Letter to an asylum seeker. Pass it on.


asylum seeker health





Sometimes I wish I could personally tell the asylum seekers currently languishing in detention centres that we care about them. That we think about them. That we’re deeply ashamed of the way our government has treated them, and we want to see them safe and at peace.


Julian Burnside QC thinks we should do exactly that.

The barrister/advocate for refugees has started a letter-writing campaign asking compassionate Australians to write to people in the Nauru detention centre or on Manus Island. All you have to do is grab a pen, explain who you are, and send it to Julian – he’ll take care of passing the letter on to an asylum seeker.

It’s such a simple, beautiful idea.

I live my life every day knowing that vulnerable, terrified people have come to this country asking for help, and we’ve turned them away. Knowing that a government I did not vote for is acting on my behalf when it sends desperate people to dangerous places rather than allow them to settle here.

If you feel the same, pick up a pen. Write a letter. Diminish the loneliness of someone who deserves safety as much as you do.

Julian Burnside If you’re scared or don’t know what to write, that’s OK. It’s hard to know what to say. Keep it simple, like me. Here’s the letter I’ll be sending to Julian Burnside. I’ll report back once I have a new pen pal. I feel really good about it, and you should too.

To the person this letter finds,

I’m Kate. I’m 26 years old and I’m a writer. I would really like it if we could be friends.

I can’t tell you how much it would mean to me, to get a letter back from you. 

Please, tell me anything you think I should know. What your name is, how old you are. Where you came from, how you got here. The things you ran away from, the things you thought you were traveling to. What you’re doing every day. 

As for me? There are things I want you to know. 

I want you to know that there are Australians who care about you. There are Australians who wish they could share this country with you. 

We wish you could be safe here, we wish you could be happy. We hate the way our government has treated you, and we’re begging them to change. It hurts us every day to know that you are stuck in a detention centre, not knowing when you’ll get out. We’re fighting for you. We’re thinking of you. We’re sending you strength and love.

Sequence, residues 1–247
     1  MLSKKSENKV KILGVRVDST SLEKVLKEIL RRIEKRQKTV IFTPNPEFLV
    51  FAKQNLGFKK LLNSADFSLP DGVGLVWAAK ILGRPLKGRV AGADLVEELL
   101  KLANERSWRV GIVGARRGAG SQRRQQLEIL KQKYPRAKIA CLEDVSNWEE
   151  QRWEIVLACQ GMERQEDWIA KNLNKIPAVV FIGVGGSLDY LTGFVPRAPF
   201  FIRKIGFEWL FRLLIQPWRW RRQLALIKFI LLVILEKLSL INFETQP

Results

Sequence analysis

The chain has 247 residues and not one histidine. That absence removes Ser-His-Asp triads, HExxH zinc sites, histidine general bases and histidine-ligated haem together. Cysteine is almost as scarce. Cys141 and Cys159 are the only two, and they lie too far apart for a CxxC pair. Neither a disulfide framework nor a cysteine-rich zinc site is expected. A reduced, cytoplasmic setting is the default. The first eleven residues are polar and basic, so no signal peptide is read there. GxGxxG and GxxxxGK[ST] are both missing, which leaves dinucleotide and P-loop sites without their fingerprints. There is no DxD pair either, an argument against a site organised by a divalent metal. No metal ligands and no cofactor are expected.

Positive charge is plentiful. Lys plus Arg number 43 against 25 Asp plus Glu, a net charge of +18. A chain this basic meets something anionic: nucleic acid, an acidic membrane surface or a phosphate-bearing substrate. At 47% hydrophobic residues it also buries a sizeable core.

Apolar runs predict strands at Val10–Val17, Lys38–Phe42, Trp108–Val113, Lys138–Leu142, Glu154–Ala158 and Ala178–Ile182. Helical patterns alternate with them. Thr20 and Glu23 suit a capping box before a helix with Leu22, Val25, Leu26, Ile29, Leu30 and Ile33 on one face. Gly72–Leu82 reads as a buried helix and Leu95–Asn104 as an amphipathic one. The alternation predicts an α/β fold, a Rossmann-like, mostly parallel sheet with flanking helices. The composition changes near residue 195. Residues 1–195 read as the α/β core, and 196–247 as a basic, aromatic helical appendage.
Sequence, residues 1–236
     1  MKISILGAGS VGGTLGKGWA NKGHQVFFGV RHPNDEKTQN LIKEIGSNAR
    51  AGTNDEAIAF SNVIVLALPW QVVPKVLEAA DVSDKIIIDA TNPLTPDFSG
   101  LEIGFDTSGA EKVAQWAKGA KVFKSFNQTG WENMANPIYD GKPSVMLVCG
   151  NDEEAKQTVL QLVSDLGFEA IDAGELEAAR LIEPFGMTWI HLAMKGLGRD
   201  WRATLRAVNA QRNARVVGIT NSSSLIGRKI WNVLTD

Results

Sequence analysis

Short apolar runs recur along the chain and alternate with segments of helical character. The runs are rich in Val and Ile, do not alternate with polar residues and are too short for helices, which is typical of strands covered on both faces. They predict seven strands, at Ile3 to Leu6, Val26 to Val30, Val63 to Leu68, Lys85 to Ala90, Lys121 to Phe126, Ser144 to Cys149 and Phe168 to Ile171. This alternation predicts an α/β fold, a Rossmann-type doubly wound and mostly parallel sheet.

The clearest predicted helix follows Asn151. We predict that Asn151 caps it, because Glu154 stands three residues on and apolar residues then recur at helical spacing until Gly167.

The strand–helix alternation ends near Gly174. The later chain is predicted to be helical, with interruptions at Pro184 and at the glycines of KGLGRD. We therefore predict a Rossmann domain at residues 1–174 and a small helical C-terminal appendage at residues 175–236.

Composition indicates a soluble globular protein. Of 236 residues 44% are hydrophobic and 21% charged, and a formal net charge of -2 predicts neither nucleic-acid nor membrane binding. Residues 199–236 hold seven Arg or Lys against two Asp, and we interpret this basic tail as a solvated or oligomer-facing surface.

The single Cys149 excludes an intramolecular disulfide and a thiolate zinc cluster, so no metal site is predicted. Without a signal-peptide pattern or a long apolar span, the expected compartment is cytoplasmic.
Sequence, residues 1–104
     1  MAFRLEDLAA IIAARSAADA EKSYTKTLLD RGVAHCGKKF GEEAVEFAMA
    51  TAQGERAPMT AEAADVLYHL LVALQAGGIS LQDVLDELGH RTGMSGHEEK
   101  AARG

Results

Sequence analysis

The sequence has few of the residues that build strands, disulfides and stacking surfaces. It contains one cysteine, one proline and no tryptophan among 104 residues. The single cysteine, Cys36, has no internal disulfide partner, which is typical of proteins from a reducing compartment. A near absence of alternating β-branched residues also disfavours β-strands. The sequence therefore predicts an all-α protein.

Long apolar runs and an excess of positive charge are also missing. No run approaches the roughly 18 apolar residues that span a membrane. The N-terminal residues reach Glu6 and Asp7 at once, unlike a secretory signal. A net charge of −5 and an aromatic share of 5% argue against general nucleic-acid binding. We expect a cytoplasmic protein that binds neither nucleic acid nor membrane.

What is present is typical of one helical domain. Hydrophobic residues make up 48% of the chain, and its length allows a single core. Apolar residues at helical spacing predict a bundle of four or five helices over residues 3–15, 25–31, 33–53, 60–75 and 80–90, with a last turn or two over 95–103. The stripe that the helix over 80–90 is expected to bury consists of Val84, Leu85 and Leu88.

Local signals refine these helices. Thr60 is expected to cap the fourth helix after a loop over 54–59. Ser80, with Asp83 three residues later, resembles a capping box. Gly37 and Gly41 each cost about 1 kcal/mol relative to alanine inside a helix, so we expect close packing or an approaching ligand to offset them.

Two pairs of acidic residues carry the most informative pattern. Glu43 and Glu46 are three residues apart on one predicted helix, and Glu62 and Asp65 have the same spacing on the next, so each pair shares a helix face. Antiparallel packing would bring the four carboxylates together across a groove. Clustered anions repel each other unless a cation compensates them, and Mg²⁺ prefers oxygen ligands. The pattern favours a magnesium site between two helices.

Kate x

Here are some instructions, straight from Julian Burnside’s website.

How to do it:

  1. Write a letter, but not directed to a specific person.  Say who you are, so the recipient will not wonder whether you are acting for the government. Tell them something about yourself.  Let them know that not all Australians are hostile to them.  Be sensitive to their circumstances.  Encourage them to write back to you.
  2. Write on light paper: the letter rate for international mail increases if letter is more than 50 grams. Avoid cards, attachments etc.
  3. Send the letter to me:

Julian Burnside

205 William St

Melbourne, 3000

  1. Enclose a self-addressed envelope.  Make sure and put AUSTRALIA as part of your address. Note that Nauru uses Australian stamps. If you want to correspond with someone on Nauru, you will need to put $2.80 in stamps on the return envelope.  I am looking for ways to get PNG stamps.
  2. I will post your letter (with your self-addressed envelope) to a specific asylum seeker on Manus or Nauru.  I will explain the letter-writing programme and I will include some writing paper and your self-addressed envelope so they are able to reply.
  3. When you get a reply, just keep writing to that person.  If you want, you can ask them for the names of other people you can write to.

People of various countries are held in Nauru and Manus Island, including Afghanistan, Iran, Iraq and Sri Lanka.  If you prefer to write to someone of a particular nationality, let me know. If you have a preference for which detention centre your letter should go to, let me know.

It is simple.

A similar letter-writing campaign in the early 2000s was very valuable in helping keep up the spirits of asylum seekers.

If you decide to take part in the letter writing campaign, you might like to share the responses you get, and encourage your friends to write to asylum seekers.

We’d love to know if you send a letter, and we’d love to know how you go with your new pen pal. Keep us updated.


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